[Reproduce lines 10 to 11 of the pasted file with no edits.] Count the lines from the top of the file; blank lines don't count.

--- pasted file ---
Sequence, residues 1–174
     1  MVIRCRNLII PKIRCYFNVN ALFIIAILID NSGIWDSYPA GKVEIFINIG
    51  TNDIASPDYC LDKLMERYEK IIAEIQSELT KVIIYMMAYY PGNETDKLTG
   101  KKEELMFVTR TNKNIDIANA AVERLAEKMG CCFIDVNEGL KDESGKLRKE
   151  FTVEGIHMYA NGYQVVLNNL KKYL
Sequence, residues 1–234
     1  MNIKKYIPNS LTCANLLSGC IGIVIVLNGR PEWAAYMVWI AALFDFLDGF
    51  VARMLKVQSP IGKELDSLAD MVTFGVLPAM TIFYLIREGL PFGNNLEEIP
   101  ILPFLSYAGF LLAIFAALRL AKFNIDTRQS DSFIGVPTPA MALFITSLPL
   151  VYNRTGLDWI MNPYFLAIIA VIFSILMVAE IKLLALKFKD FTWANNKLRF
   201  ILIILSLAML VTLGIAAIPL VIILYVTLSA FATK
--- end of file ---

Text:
   151  VYNRTGLDWI MNPYFLAIIA VIFSILMVAE IKLLALKFKD FTWANNKLRF
   201  ILIILSLAML VTLGIAAIPL VIILYVTLSA FATK